Calgary, June 3, 2013 – City of Calgary residential monthly sales improved over the previous year, mostly driven by increased demand in the condominium market.
Sales activity in all categories totalled 2,544 units for the month, a seven per cent increase over May 2012 figures.
“We’re back to normal levels of activity,” said Becky Walters, president of CREB®’s board of directors. “Last spring was the first time since the recession that we saw more typical levels of sales, and this spring sales recorded further growth.”
Sales growth in the city is exceeding expectations, although the rate of increase has slowed from 2012’s double digits.
There is downward pressure on inventory levels, because there are fewer than normal new listings at a time when sales volume is increasing. Inventory levels are 17 per cent lower than levels recorded in 2012. These two factors are creating market conditions that favour the seller, causing stronger than expected price growth.
“Buyers need to have financing in place so they can act quickly when they see the right property,” Walters said. She added that buyers also need to have a clear sense of what they can afford and what they are prepared to pay before entering negotiations. But she noted that market conditions today are much different for sellers than the last time our market favoured them. While properties are selling at a faster pace and at prices closer to list, buyers have a range of choice in various segments, communities and price ranges. Furthermore, consumers today are more cautious than a few years ago.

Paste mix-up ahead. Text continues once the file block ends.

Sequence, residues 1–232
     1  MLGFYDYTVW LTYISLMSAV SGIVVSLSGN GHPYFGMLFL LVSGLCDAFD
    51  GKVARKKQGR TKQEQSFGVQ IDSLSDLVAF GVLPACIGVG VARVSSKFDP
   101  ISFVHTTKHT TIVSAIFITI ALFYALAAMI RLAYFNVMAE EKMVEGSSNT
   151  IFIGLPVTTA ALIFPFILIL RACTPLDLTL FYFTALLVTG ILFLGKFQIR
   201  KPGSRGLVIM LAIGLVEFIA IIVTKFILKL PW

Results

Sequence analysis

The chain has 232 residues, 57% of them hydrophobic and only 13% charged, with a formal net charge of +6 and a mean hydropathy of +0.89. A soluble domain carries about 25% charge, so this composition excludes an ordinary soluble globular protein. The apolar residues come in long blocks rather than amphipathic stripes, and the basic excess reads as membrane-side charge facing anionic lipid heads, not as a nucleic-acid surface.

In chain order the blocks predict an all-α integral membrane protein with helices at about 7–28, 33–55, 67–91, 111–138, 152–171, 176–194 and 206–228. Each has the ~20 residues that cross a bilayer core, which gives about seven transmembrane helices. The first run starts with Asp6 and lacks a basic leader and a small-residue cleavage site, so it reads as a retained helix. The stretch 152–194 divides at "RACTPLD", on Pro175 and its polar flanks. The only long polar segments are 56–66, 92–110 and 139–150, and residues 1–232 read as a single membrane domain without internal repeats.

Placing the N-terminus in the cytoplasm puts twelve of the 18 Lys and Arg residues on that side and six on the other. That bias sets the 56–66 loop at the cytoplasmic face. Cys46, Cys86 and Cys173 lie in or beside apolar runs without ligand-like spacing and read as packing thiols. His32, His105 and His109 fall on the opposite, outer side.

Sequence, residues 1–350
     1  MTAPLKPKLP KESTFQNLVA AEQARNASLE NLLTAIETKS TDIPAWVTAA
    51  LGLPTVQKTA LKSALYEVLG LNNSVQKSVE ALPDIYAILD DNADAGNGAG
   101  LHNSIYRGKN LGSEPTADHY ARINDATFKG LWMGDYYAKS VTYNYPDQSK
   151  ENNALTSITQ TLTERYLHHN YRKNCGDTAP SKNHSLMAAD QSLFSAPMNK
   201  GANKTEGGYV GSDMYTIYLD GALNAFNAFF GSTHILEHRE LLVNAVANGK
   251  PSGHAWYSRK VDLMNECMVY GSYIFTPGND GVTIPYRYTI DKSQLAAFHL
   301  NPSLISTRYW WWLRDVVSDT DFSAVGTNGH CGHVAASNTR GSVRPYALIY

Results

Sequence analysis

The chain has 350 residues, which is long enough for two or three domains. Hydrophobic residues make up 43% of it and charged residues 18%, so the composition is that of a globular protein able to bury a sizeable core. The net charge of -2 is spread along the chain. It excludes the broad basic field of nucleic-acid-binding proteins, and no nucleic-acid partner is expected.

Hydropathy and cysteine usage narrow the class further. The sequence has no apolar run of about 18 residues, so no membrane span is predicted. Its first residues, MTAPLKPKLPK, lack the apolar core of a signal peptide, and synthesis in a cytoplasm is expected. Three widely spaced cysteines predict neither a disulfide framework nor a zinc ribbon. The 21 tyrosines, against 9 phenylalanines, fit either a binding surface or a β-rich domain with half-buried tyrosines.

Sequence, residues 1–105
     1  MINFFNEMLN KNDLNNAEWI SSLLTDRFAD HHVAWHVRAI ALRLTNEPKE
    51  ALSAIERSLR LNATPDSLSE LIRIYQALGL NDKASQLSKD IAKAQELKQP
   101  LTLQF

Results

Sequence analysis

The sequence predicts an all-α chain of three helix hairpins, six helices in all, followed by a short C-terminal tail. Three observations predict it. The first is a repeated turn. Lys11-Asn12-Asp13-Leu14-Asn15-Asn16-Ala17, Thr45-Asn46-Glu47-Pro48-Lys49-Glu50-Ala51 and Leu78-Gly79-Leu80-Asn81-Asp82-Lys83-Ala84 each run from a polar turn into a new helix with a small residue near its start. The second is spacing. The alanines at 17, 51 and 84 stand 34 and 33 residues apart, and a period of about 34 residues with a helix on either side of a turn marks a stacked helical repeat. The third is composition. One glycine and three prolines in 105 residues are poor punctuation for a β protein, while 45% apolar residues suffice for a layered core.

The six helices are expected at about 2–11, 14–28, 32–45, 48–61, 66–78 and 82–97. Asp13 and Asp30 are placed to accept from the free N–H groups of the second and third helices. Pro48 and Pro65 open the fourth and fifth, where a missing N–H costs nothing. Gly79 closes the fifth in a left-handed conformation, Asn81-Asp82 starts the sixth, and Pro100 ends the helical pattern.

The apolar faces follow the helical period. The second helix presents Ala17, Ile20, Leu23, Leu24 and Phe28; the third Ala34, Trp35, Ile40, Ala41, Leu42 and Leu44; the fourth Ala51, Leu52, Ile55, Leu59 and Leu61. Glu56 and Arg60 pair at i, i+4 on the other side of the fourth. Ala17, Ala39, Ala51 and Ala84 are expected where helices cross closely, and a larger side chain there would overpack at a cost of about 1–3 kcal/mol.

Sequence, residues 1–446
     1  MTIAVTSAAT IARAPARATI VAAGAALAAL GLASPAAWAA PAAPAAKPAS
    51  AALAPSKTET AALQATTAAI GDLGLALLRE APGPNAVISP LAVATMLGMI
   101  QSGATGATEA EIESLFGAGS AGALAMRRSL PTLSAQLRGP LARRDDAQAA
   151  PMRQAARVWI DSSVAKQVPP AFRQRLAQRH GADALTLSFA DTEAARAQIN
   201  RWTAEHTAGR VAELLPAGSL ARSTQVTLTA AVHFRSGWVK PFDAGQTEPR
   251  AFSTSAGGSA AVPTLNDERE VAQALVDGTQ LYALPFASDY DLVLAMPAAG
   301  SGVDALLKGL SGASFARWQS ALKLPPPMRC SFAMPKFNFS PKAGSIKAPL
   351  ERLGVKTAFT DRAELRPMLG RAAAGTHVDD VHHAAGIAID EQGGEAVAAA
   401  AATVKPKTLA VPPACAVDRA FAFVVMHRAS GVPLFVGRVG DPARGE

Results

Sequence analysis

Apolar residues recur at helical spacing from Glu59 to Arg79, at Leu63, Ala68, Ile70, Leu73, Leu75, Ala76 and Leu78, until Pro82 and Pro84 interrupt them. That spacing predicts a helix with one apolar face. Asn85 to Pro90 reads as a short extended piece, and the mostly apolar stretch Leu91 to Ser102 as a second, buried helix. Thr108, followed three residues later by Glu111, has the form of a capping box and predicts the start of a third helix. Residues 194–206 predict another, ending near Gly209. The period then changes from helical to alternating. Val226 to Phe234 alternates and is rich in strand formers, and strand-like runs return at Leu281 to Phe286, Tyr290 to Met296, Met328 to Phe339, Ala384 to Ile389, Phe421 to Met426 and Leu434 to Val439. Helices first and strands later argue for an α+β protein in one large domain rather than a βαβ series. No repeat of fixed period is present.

Single-family sales totalled 1,766 units in May, three per cent higher than levels recorded in 2012. While sales volumes are consistent with long-term averages, sales growth is hampered by the decline in new listings, especially in the lower price ranges.
The unadjusted benchmark single-family price totalled $456,900 in May, a seven per cent increase over 2012 and a one per cent increase over the previous month.
After the first five months of the year, condominium apartment sales totalled 1,672 units, a 10 per cent increase over the same time in the previous year.
“Tighter mortgage rules impacted what buyers could afford to purchase in the Calgary market,” said Ann-Marie Lurie, CREB®’s chief economist. “And while the majority of buyers are purchasing single-family homes, the attractive price point has improved demand for condominiums.”
With less supply relative to demand in resale, condominium prices are on a path to recovery. In May, the benchmark price for condominium apartments totalled $263,600, a year-over-year increase of seven per cent. Condominium townhomes reached a benchmark price of $292,100, a five per cent increase over the previous year.
“Improvements in Calgary’s resale housing sector are being fuelled by the combination of employment gains, migration growth and tight rental market conditions,” Lurie said. “However, resale price growth will likely moderate, as competition in the new-home sector and sluggish economic growth expectations will weigh on the housing market.”
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